Jul 21, 2006

Sacked, but `too expensive to fight’

Sacked, but `too expensive to fight’

The Australian

Tracy Ong

21 July 2006

A working mother sacked while on maternity leave is resigned to finding a new job because it is too expensive to challenge her former employer in court.

Former marketing manager Elaine Gray was told last month she had no job to return to when she contacted Diaelect Solutions to confirm a return date after six months of maternity leave.

Opposition Leader Kim Beazley paid a visit to Ms Gray’s home in Sydney’s inner west yesterday to gain more mileage out of an apparent voter backlash against the Howard Government’s workplace reforms.

"John Howard has made 11 million Australians easy to sack," he said.

Workplace Relations Minister Kevin Andrews said Mr Beazley was trying to mislead the public and said Ms Gray was entitled to $4000 in free legal advice if her case proceeded to court.

Ms Gray said she was aware of the payment, but "I was under the impression that to challenge anything in the Federal Court would cost more than that".

She said she was told the bad news by Diaelect’s human resources manager Helen Welsh as she was finalising a coveted daycare place for her five-monthold son Paul.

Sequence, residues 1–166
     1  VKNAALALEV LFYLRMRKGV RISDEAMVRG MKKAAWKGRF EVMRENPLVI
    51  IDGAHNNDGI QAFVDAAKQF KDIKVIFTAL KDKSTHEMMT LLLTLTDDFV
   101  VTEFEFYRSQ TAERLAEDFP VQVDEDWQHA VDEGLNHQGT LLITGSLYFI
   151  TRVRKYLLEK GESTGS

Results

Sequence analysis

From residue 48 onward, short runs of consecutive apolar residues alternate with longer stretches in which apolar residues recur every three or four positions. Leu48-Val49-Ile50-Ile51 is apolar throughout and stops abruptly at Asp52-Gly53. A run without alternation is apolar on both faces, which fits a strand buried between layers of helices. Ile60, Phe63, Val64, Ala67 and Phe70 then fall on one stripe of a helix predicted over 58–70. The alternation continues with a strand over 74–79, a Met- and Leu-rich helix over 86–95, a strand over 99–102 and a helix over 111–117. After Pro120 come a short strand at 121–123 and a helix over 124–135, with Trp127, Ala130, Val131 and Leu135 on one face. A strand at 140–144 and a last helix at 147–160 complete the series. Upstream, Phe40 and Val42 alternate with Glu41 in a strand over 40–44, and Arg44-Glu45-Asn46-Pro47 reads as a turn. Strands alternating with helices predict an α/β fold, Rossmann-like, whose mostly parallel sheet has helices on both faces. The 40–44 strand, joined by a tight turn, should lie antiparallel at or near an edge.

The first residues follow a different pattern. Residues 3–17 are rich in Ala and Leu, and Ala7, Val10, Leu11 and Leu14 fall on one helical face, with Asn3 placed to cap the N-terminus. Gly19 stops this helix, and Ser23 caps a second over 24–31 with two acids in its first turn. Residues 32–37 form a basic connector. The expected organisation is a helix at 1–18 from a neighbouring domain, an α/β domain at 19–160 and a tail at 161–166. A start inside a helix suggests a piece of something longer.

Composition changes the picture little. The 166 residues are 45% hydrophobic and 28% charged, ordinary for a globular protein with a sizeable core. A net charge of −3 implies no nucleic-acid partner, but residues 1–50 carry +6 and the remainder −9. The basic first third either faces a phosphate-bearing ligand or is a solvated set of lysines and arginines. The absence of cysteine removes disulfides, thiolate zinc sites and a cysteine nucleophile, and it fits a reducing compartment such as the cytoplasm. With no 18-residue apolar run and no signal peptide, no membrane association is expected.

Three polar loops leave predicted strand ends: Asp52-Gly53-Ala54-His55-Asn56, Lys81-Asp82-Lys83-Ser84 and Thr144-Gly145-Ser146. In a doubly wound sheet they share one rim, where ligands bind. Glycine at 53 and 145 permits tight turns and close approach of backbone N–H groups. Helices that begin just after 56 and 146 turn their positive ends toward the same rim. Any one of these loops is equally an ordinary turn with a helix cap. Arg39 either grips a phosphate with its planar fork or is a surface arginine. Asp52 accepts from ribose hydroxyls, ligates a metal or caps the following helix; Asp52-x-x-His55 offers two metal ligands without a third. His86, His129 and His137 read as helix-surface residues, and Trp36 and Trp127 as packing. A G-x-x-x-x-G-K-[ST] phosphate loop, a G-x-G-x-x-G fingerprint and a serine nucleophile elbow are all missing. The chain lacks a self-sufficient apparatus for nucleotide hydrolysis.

She asked, Is there somewhere you can sit down?’ and I said, Is what you’re going to tell me that had I need to be sitting?’ Ms Gray said. "She said, Your job doesn’t exist so there is no reason for you to come back’."

Ms Welsh declined to comment yesterday.

Under the Howard Government’s workplace reforms, employees sacked for "operational reasons" have no recourse to the unfair dismissal jurisdiction.

Ms Gray immediately sought advice from a solicitor and later consulted a barrister but decided not to pursue the matter because of the cost.

"The next step was to take it further, which, with a new house, mortgage, family to raise, that’s not a situation that we’re able to entertain," she said.

Under the old system, Ms Gray could file an unfair termination case in a less costly industrial tribunal. But now, Ms Gray’s only legal recourse would be to claim she was discriminated against because of her pregnancy in an unlawful termination claim in court.

She said she initially had an agreement from Diaelect to return to work part-time, but then two days before she went on maternity leave, the company had encouraged her to return fulltime.